Sunday, September 28, 2014

Role models

When I was at school and university (I wonder how much has changed in the last twenty years?) as a young woman of feminist leanings it wasn't unusual to find myself in an argument that went along these kind of lines, a man (or more specifically given our age and their attitude - boy) would declare that women could not be great chefs/writers/artists, they just didn't have it in them. Nonsense, I would say, and then be challenged to name 6 or 10 which at the time I couldn't do. Which was annoying because I knew they had to exist but had no clear idea where to find out who they were or what they did (these were the days before google) and because it was a challenge designed to shut me up and put me in my place.

It's also a challenge that's given me a lot to be grateful for, it sent me off to the nearest bookshop to seek out a canon of female authors which is how I discovered Virago books and in turn legions of writing women stretching back to the 18th century. Later on I found Persephone books and yet more writing women along with the concept of the middlebrow all of which has been extremely encouraging. What mattered to me then and now is not how high the art is, but that there is a traceable tradition of women having a voice and being able to make a living from it. Most especially being able to make a living from it, as that's a subtly different, infinitely more encouraging, view of history than the one where women were basically dependants or drudges and men were intent on keeping them that way.

When it comes to artists rather than writers the process of public rediscovery seems to have lagged behind a bit but I think it's finally happening in earnest now, and it's exciting for the same reasons; you could name a few, it seems likely there had to be more of them, but where and doing what. Again it's not specifically great masters I'm looking for but a long tradition of women creating and recording. It's why I love paintings like Emily Mary Osborn's Nameless and Friendless from 1857.

In it a young woman in mourning (I'm inclined to believe her father rather than husband has died as I can't see a wedding ring on her finger - though maybe she's already sold it?) accompanied by a youth is trying to sell a painting, and maybe a portfolio of sketches too. The appraising looks from the dealer and his assistant suggest the work is commercially viable (but not that they'll necessarily offer a fair price). The appraising looks from the two swells on the left suggest an entirely different kind of transaction. Our heroine is definitely in need of friends. Osborn did quite a line in paintings of  distressed women. She herself seems to have been supported in her chosen career by her family but I'm guessing that the situation in Nameless and Friendless was not uncommon which in turn suggests that there were plenty of women seeking (and succeeding) in making a living this way, and that Osborn expected everyone to be outraged by this particular girls situation.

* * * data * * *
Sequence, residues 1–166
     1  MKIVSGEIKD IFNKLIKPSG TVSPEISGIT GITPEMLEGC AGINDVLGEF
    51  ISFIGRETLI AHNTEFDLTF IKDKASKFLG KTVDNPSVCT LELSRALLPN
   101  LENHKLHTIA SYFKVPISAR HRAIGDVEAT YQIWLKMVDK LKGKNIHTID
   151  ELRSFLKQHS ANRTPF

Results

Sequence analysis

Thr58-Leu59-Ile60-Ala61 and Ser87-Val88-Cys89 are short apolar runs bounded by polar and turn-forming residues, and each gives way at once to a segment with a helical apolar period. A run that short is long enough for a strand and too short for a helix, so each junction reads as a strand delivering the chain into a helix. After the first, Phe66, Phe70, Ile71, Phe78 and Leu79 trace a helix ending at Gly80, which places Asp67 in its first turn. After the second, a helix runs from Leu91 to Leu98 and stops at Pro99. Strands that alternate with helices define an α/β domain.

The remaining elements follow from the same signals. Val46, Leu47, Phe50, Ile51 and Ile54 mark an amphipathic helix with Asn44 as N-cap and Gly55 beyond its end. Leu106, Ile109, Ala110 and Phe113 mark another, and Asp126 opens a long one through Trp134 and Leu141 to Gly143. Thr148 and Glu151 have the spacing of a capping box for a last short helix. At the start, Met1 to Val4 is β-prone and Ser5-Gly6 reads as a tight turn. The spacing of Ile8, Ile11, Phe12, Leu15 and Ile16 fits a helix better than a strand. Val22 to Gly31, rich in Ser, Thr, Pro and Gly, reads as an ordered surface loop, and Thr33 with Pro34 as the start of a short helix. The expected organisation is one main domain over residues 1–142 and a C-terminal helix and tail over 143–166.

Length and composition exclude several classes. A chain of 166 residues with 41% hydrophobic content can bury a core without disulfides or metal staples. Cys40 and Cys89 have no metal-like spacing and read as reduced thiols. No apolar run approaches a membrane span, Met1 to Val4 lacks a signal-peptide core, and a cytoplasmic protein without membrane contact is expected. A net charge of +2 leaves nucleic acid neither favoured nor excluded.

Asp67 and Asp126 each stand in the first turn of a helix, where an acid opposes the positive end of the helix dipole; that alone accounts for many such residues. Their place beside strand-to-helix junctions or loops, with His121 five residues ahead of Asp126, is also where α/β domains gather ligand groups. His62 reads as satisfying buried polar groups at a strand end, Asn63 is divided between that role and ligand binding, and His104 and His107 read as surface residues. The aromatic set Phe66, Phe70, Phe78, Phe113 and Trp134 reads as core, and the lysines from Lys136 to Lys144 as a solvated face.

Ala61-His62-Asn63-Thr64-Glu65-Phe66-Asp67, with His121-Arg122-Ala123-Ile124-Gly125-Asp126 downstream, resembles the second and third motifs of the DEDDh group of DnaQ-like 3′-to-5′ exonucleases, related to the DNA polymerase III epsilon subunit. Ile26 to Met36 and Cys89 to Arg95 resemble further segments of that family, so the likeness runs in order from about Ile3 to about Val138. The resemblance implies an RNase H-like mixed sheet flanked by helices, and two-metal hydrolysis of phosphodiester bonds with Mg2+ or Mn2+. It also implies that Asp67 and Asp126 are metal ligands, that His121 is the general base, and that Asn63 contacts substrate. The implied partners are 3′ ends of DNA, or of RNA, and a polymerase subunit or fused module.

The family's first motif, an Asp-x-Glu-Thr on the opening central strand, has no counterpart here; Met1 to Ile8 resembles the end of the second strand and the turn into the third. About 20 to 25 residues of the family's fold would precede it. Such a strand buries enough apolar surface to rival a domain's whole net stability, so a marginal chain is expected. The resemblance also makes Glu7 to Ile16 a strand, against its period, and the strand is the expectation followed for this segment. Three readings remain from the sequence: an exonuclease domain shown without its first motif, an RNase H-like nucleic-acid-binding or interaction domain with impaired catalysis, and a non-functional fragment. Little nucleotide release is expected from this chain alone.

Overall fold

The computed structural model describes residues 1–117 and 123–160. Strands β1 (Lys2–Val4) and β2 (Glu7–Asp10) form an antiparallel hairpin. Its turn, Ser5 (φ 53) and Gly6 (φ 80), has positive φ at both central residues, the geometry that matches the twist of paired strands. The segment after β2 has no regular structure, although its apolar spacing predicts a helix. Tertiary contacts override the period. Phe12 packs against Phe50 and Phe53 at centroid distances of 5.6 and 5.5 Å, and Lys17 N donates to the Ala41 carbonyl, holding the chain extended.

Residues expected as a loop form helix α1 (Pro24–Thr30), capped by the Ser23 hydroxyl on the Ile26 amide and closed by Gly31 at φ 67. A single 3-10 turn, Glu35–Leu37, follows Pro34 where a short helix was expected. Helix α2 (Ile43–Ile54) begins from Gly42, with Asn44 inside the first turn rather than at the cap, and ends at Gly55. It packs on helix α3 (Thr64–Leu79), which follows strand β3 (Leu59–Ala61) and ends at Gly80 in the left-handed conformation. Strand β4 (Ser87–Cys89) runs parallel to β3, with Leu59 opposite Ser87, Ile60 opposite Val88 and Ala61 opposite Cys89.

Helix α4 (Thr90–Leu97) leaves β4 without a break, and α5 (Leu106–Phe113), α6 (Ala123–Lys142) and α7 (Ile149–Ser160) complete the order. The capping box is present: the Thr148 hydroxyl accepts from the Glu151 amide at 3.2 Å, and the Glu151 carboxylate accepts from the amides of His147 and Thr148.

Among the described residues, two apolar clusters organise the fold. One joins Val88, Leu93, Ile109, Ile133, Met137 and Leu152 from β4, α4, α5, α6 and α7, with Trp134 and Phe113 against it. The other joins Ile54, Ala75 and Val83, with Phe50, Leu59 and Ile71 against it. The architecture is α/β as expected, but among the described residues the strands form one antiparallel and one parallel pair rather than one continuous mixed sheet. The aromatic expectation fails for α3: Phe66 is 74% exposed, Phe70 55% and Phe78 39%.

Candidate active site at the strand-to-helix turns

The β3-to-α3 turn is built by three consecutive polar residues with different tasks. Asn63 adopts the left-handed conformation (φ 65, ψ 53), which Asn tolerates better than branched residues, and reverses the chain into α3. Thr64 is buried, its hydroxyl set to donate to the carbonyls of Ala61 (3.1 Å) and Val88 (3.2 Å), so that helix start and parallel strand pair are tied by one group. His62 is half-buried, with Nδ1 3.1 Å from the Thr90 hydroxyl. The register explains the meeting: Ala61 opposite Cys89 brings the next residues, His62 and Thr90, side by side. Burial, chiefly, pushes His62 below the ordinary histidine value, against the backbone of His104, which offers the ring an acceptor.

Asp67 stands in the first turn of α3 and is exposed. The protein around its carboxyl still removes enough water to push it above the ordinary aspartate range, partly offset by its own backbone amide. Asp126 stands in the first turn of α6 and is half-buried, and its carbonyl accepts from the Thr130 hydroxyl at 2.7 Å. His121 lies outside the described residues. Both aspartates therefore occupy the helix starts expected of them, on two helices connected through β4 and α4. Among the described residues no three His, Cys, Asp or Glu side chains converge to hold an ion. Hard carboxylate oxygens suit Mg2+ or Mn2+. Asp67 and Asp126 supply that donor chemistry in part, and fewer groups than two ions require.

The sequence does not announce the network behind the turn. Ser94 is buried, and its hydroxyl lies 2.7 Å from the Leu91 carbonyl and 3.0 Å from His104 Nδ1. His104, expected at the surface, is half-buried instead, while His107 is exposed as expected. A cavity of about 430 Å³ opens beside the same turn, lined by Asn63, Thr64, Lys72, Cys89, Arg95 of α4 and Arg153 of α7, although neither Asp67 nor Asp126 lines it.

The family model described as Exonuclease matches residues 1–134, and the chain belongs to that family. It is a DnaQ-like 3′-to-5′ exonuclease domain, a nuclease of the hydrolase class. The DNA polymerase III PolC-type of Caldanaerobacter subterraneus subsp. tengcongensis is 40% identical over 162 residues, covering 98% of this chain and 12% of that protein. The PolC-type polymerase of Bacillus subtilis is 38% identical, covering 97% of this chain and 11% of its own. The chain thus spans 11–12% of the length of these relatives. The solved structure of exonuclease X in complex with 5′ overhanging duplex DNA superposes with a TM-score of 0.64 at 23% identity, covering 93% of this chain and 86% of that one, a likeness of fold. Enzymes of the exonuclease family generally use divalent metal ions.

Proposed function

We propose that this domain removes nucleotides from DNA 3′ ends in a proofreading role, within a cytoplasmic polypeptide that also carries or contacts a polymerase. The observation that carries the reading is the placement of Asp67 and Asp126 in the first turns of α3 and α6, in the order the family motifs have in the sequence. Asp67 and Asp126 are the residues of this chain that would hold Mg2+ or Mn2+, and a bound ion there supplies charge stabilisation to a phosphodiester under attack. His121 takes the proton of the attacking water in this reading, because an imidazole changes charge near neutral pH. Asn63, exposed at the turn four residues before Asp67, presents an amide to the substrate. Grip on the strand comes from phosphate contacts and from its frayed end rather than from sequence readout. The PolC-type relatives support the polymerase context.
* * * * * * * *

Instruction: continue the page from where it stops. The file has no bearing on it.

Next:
BBC2 had an excellent series this spring hosted by Amanda Vickery called The Story of a women and Art which unearthed a host of female artists, some more or less household names, and some who had been hiding in plain sight - all very encouraging in the search for role models. Perhaps even more exciting from my point of view though was Alicia Foster's 'Warpaint' which took the real life figure of Dame Laura Knight along with 3 other fictional characters based on real women war artists and created an entertaining thriller along with a really useful look at what these artists were doing (it's brilliant, read it). 

The latest addition to my own personal library of women in the arts is James Russell's 'Peggy Angus Designer, Teacher Painter'. She was a friend of Eric Ravilious, Edward Bawden, John Piper amongst many others, lead a long creative life, and is quietly being rediscovered some 20 years after her death. 


  1. Loved this post. Very similar experience to you at school and university. Think it's great recently too that there's so much more interest in women composers and musicians generally. Had plenty of conversations when at school / university that basically ran along the lines of X was only a composer / musician because her husband got her the job. Have only found out recently that actually the reverse was often the case(!)

  2. Such a frustrating conversation isn't it! I can imagine musicians get an even rougher time of it and the thing I find really odd is that these women would have been reasonably well known in their day to have been almost deliberately forgotten. Why does that tradition get lost?

  3. I so agree with you re the making a living -- except, re the painting, I say 'husband' not 'father': where did she get the kid from? I guess it could be a brother or a lad hired to carry the portfolio. And the back view of the sumptuously dressed woman with the child who is carrying a purchased roll of something suggests to me a contrast being offered. Fascinating painting - thank you for sharing it. And you've reminded me that I haven't read 'War Paint' yet.

  4. I'm in lined to think brother because of the lack of wedding ring and because of their ages, she looks very early twenties and he must be about 10? But it's ambiguous. Those predatory looking men are most unpleasant .